Tips and Tricks

Readers have shared some helpful tips and tricks in glass fusing. Assist others by submitting your suggestions for firing glass, items not normally used for glass fusing, or other helpful tips and tricks.

Trouble Shooting

Top Loading vs Side Loading Kilns - What are the pros and cons?

Reader Comments

What's New

Glass Fusing Supplies

Advertisers'/Contributors' Index

Until next month…keep it hot!


1. Feature Article

2. Quote of the Month

3. Glass Fusing Books and DVDs

4. Reader Replies

5. Tips and Tricks

6. Share the Site

7. What's New

8. Product Review

Fused Glass Dot Bee

I made this adorable fused glass dot bee for a project I am currently working on in my studio.

There are so many various ways you can use fused glass dots to enhance you glass fusing projects.

Using small pieces of glass to create dots of various sizes and colors is a fantastic way to use up all that scrap glass.

I already have a lot of dots that were created by full fusing scraps of glass, so I used a pre-fired dot to make this little guy.

He could have also been made by cutting a small section of black glass and adding some yellow stringers for the stripes.

Material List

  • 2 Black Dots
  • Yellow Stringers
  • White Glassline Paint
  • Scrap Clear Glass
  • Soap, Water, Scrubby
  • Lint Free Towel
  • Fiber Board
  • Scissors
  • Grinder
  • Dremel with Diamond Bit
  • Fiber Paper
  • Kiln Posts
  • Kiln
  • Directions

    Place the largest of the black dots on a kiln shelf that has been covered with fiber paper.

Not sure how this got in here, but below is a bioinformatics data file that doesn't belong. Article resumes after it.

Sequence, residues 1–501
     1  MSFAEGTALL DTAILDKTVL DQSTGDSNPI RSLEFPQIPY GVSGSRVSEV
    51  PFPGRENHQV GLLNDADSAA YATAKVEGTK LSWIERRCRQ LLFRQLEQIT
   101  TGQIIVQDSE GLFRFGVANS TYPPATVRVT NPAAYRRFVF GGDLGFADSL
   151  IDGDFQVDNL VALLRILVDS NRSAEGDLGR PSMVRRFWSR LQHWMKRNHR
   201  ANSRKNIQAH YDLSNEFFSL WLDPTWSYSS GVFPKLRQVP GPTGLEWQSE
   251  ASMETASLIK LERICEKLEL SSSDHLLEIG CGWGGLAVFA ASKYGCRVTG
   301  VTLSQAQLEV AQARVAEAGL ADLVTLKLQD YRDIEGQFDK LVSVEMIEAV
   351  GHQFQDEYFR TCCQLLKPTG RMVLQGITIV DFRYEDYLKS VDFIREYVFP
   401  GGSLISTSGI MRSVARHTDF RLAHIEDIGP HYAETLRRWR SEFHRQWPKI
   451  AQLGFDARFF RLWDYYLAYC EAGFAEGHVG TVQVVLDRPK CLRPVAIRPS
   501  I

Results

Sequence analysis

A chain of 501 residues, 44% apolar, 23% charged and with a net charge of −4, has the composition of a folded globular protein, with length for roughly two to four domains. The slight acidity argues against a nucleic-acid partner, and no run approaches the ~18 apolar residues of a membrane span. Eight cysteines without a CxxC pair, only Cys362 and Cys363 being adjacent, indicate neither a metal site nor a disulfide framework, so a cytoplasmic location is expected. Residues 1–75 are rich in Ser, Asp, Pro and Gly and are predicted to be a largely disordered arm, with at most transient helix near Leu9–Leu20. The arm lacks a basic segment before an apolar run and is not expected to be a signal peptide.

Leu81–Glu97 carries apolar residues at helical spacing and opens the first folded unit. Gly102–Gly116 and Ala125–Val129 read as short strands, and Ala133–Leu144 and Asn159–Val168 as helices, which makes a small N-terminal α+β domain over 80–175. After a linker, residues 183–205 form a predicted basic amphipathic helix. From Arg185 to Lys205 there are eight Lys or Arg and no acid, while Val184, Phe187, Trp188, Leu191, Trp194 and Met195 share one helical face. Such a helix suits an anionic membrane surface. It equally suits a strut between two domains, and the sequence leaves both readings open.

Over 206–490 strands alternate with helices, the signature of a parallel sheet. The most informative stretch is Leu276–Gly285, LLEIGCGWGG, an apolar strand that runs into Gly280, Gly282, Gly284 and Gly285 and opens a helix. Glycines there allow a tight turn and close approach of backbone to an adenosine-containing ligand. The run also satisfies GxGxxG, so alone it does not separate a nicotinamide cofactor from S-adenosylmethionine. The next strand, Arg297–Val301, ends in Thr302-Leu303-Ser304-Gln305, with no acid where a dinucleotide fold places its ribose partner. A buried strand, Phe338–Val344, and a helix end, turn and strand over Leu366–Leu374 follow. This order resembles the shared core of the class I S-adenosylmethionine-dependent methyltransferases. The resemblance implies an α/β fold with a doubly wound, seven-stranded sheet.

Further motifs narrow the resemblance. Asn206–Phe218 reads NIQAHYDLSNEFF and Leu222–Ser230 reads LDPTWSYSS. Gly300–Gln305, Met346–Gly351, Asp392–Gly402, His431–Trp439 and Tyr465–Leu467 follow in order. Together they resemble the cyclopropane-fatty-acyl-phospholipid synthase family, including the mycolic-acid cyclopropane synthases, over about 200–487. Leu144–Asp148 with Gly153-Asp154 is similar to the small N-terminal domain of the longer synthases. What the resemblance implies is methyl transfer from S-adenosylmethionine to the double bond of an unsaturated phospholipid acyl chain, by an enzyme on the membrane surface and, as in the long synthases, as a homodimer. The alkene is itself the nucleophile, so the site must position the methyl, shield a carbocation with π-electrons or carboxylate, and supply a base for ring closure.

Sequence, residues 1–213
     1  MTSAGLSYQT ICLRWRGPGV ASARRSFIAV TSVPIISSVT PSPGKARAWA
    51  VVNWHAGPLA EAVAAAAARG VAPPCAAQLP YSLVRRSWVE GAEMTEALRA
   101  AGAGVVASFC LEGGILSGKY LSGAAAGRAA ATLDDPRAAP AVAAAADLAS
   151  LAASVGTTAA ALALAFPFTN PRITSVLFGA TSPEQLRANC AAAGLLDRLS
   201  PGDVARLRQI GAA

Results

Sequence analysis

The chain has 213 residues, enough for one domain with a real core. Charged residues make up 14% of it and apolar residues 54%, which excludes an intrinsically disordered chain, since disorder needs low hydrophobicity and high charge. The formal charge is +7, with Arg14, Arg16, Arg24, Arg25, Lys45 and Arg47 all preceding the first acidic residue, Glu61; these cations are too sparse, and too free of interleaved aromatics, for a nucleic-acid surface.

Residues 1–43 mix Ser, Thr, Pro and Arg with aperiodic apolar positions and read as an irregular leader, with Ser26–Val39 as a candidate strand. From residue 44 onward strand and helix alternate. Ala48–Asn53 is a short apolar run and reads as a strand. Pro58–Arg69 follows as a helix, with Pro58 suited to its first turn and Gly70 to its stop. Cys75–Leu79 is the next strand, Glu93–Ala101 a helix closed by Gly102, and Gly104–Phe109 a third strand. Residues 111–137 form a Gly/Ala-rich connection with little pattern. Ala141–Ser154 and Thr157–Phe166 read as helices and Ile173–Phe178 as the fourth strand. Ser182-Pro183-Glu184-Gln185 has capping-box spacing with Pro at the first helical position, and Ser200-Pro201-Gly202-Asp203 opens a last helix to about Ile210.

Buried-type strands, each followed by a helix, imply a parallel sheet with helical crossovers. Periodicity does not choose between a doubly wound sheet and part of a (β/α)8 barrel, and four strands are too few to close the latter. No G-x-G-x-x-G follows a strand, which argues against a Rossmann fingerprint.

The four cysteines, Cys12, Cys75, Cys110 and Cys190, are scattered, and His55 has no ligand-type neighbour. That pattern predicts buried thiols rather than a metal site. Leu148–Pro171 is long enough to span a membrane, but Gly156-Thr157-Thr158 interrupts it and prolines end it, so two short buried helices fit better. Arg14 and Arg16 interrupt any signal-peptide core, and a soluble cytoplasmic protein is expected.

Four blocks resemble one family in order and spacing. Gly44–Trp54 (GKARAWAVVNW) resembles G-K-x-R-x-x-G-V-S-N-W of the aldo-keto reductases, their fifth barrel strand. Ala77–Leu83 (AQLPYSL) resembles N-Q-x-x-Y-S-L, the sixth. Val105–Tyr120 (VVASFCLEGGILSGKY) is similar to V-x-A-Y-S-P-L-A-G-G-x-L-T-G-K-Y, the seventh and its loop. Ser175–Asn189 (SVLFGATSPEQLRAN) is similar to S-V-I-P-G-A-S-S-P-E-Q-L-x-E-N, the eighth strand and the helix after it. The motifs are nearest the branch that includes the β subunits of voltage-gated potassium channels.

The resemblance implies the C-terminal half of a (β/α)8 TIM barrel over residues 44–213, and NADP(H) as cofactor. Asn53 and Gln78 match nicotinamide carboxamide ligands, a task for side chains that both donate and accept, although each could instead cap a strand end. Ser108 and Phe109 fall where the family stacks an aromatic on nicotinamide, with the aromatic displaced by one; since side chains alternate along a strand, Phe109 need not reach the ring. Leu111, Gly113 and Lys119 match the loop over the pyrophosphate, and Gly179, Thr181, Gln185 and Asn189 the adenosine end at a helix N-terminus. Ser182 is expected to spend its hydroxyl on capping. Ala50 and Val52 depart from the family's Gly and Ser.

Cut yellow stringers about twice the size of the black dot.

    Cut 4 small strips of fiber board and stack two of them on each side the black dot. This will support the stringers so that they do not move during the firing process.

    Take the glass up to a tack fuse to secure the yellow stringers.

    Anneal and bring to room temperature.

    Once the piece has been brought to room temperature, remove the strips of fiber board and re-fire to a full fuse. This will allow the pre-fired stringers to slump down and around the black dot.

    Anneal and bring to room temperature.

    Cut a piece of clear glass that is just a tad larger than the black dot. These will become the wings.

    Using a grinder, round out the edges of the clear glass. You are going to want almost a heart shaped piece when finished.

    Using a Dremel with a diamond bit to create the center of the heart. You will want to use a tiny drill bit and some water to keep the piece damp and cool.

    Once the piece has been formed to the desired shape, clean it using soap, water and a scrubby to get into the tiny crevices.

    Clean and dry all of the glass pieces using a lint free towel.

    Use the white Glassline paint to place a couple of dots on the smaller black dot and allow it to dry. These will be the eyes.